A 2014 review on exercise and lowering blood pressure found that there are many combinations of exercise that can lower blood pressure. Aerobic exercise, resistance training, high-intensity interval training, short bouts of exercise throughout the day, or walking 10,000 steps a day may all lower blood pressure (9Trusted Source).
Ongoing studies continue to suggest that there are still benefits to even light physical activity, especially in older adults (10).
If you’re overweight, losing even 5 to 10 pounds can reduce your blood pressure. Plus, you’ll lower your risk for other medical problems.
A 2016 review of several studies reported that weight loss diets reduced blood pressure by an average of 3.2 mm Hg diastolic and 4.5 mm Hg systolic (11Trusted Source).https://0f9666eab89ebf0fdd1e40872e275958.safeframe.googlesyndication.com/safeframe/1-0-38/html/container.html
A 2010 study compared a low-carb diet to a low-fat diet. The low-fat diet included a diet drug. Both diets produced weight loss, but the low-carb diet was much more effective in lowering blood pressure.
The low-carb diet lowered blood pressure by 4.5 mm Hg diastolic and 5.9 mm Hg systolic. The diet of low-fat plus the diet drug lowered blood pressure by only 0.4 mm Hg diastolic and 1.5 mm Hg systolic (12Trusted Source).
A 2012 analysis of low-carb diets and heart disease risk found that these diets lowered blood pressure by an average of 3.10 mm Hg diastolic and 4.81 mm Hg systolic (13).
Another side effect of a low-carb, low-sugar diet is that you feel fuller longer, because you’re consuming more protein and fat.
Potassium is a double winner: It lessens the effects of salt in your system, and also eases tension in your blood vessels. However, diets rich in potassium may be harmful to individuals with kidney disease, so talk to your doctor before increasing your potassium intake.
It’s easy to eat more potassium — so many foods are naturally high in potassium. Here are a few:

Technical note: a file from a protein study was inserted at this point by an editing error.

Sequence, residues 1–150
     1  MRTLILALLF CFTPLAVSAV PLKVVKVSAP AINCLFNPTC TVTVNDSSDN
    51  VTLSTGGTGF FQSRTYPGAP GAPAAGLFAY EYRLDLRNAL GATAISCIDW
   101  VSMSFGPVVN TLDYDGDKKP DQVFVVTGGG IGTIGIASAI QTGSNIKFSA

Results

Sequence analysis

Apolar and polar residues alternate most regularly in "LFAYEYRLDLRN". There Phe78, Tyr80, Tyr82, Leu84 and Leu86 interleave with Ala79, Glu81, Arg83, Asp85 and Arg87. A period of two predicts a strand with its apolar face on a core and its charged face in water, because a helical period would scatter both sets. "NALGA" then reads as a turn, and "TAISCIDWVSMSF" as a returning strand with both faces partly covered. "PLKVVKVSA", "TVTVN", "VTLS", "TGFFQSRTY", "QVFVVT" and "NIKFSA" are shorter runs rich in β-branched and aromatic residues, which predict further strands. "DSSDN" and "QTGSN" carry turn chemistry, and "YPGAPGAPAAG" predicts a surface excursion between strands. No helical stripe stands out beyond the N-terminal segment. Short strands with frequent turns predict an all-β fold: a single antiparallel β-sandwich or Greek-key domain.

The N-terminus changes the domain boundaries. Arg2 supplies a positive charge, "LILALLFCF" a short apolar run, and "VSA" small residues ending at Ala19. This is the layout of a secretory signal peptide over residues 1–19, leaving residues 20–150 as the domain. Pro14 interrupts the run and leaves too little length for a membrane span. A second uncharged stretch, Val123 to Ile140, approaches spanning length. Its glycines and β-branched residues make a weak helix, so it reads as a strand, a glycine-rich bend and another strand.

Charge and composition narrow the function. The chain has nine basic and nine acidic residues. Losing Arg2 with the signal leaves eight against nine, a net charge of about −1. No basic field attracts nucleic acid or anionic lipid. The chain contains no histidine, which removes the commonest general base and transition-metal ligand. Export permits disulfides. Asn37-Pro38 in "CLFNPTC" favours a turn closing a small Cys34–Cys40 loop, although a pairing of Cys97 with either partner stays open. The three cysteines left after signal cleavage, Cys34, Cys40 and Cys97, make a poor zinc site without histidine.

- low-fat dairy foods, such as milk and yogurt
- fruits, such as bananas, apricots, avocados, and oranges
- vegetables, such as sweet potatoes, potatoes, tomatoes, greens, and spinach
Note that individuals respond to salt differently. Some people are salt-sensitive, meaning that a higher salt intake increases their blood pressure. Others are salt-insensitive. They can have a high salt intake and excrete it in their urine without raising their blood pressure (15).
- low-sodium foods
- fruits and vegetables
- low-fat dairy
- whole grains
- fewer sweets and red meats
Most of the extra salt in your diet comes from processed foods and foods from restaurants, not your salt shaker at home (17Trusted Source). Popular high-salt items include deli meats, canned soup, pizza, chips, and other processed snacks.
Foods labeled “low-fat” are usually high in salt and sugar to compensate for the loss of fat. Fat is what gives food taste and makes you feel full.
Cutting down on — or even better, cutting out — processed food will help you eat less salt, less sugar, and fewer refined carbohydrates. All of this can result in lower blood pressure.
Make it a practice to check labels. According to the U.S. Food and Drug Administration (FDA), a sodium listing of 5 percent or less on a food label is considered low, while 20 percent or more is considered high (17Trusted Source).